JEFFREY BROWN: Today almost 150 years after the origin of species first appeared, evolution theory is again in the news and stirring passions. Charles Darwin appears on magazine covers, a scientific superstar if an embattled one.
But a fascinating new exhibition at New York's American Museum of Natural History looks at the man himself and his own intellectual evolution and shows him as in some ways an unlikely revolutionary who so feared the consequences of his own discoveries he kept them secret for decades.
Niles Eldredge -- an evolution theorist himself -- is the curator of the exhibition and author of the companion book.
NILES ELDREDGE: I think it is almost an unparalleled opportunity to understand the essence of creativity in somebody. It wasn't just on a high; it was a long process of letting nature soak in, so to speak, and then have it sort of bubble up slowly into his conscious brain when he came up with the idea of evolution.
JEFFREY BROWN: Charles Darwin was born into 19th century British privilege, raised largely by his sisters after his mother died when he was eight. His one passion as a youth was collecting beetles. Beyond that, he showed little direction and his father despaired.
NILES ELDREDGE: He was worried that the kid wasn't showing any sort of focus. He said you care about nothing but shooting dogs and rat catching, and you shall be a disgrace to yourself and your entire family.
JEFFREY BROWN: Oh, that's very low expectations for this young fellow.
NILES ELDREDGE: So his dad says okay, so let's put you off to Cambridge, take an undergraduate degree there and become a clergyman so you have some respectable thing to do and you can collect all the beetles you want while you are being a country curie.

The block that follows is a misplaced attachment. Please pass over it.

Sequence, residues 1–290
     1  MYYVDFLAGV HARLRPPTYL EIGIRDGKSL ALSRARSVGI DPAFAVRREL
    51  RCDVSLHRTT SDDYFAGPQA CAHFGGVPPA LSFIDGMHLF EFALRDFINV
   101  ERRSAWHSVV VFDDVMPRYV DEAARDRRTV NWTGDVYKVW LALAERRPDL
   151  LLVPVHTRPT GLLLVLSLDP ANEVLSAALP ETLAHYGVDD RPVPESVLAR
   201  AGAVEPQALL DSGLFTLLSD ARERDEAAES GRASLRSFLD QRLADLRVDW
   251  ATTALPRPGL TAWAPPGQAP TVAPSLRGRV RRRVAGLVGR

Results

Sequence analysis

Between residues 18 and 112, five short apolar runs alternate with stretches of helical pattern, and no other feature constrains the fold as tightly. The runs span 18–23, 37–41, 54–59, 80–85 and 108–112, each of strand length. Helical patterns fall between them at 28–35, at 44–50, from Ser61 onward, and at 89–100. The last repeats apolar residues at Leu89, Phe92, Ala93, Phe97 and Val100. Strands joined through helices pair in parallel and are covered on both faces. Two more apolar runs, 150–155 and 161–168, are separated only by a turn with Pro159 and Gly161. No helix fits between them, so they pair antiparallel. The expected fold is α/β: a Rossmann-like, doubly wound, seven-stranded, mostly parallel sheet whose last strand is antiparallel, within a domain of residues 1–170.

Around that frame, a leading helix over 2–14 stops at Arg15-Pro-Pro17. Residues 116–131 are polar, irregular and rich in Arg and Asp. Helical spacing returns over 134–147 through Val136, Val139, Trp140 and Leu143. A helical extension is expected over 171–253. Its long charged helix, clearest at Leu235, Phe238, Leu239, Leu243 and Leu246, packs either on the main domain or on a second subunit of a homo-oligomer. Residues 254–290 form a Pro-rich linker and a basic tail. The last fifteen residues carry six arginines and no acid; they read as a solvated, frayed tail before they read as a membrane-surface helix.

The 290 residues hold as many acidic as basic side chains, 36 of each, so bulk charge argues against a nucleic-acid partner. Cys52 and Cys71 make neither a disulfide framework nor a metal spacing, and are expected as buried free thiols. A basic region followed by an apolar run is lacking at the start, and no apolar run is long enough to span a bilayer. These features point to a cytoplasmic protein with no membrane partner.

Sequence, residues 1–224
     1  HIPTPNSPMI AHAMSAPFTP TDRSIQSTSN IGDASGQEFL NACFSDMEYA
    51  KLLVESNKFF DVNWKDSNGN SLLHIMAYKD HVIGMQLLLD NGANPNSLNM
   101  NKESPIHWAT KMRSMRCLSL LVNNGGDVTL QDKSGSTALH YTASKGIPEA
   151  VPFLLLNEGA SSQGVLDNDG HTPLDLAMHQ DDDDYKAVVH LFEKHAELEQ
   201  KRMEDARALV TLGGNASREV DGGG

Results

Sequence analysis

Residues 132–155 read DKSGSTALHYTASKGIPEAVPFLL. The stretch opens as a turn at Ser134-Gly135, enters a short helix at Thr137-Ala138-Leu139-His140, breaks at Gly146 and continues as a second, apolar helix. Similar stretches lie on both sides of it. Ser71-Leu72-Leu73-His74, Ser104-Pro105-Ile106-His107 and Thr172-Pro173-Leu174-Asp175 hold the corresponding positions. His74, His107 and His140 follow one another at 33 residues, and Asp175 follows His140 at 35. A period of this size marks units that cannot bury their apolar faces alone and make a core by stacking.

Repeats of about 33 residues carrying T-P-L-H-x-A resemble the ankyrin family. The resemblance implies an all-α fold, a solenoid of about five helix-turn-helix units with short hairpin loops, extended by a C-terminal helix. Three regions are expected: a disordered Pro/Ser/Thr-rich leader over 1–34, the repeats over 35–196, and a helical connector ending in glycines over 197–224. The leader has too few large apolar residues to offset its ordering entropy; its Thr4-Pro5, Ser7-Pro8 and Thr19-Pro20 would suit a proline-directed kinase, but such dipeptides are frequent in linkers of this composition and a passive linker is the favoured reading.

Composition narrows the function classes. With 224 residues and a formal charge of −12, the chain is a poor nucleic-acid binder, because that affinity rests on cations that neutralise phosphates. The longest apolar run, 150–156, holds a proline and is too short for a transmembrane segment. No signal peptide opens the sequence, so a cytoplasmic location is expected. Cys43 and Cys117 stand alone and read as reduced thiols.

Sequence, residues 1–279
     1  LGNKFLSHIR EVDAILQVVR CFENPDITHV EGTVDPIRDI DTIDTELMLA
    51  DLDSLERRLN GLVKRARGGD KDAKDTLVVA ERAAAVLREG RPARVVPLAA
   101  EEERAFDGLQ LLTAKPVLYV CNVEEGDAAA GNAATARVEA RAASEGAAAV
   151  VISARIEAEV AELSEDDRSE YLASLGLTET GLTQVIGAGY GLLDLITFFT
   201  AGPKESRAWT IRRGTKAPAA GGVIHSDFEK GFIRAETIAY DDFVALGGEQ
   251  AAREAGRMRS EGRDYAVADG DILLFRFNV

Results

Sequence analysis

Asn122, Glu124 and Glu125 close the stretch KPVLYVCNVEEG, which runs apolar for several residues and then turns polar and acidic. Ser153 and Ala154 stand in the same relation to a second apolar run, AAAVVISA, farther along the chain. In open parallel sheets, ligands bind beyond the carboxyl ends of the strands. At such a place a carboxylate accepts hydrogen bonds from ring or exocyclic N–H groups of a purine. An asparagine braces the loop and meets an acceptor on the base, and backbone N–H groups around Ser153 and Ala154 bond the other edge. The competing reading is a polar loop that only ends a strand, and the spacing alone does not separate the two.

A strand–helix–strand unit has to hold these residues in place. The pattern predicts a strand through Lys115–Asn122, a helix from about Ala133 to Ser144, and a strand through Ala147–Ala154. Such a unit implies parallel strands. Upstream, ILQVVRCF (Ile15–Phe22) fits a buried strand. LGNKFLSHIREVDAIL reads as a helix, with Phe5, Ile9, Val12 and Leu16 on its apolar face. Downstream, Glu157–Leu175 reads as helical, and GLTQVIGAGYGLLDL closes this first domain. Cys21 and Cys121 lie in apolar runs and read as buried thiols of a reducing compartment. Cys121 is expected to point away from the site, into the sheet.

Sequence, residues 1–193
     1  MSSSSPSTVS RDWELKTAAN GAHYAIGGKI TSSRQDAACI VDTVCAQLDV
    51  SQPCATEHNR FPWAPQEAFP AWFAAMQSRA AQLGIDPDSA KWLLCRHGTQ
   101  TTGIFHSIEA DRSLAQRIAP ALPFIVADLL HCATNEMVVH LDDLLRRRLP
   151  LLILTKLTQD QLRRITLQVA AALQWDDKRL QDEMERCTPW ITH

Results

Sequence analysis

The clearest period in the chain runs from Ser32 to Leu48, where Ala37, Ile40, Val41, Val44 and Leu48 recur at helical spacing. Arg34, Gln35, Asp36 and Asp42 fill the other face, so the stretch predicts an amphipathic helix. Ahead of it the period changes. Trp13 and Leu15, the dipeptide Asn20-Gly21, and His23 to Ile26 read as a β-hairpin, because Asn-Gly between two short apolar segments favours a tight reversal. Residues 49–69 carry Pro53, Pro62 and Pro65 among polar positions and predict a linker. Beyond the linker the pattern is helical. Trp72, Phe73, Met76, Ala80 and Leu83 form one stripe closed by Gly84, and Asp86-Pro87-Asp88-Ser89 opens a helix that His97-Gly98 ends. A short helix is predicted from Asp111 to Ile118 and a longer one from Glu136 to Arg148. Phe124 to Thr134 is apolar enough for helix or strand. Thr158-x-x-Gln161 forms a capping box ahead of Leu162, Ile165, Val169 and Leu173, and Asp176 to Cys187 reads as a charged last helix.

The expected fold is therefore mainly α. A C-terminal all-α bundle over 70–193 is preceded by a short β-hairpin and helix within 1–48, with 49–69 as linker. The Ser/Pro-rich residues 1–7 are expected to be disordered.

JEFFREY BROWN: Hard to imagine now Charles Darwin, the country clergyman. Instead while studying Botany at Cambridge he received an invitation that would change his life and much else -- to be an unpaid naturalist on HMS Beagle, with a mission to explore and collect specimens along the coast of South America.
NILES ELDREDGE: When he got this invitation, of course he jumped at it.
JEFFREY BROWN: Darwin took his bible with him, but the trip he later wrote "determined my whole career." The would-be clergyman became a committed naturalist.
In Argentina, he found bones of giant extinct mammals and noticed similarities to the smaller armadillos he was eating.
NILES ELDREDGE: He didn't say aha, evolution there. But what he said we have extinct ones here, and they are replaced by modern ones. They are a little bit smaller, a little bit different looking. And what would cause that replacement? By the end of the trip he was beginning to ask those kinds of questions.
JEFFREY BROWN: The Galapagos Islands off the coast of Ecuador became his most famous laboratory and the exhibition features island sounds, live tortoises, orange frogs and an iguana.
JEFFREY BROWN: He wrote that he noticed that each Galapagos Island was inhabited by what he called a different set of beings.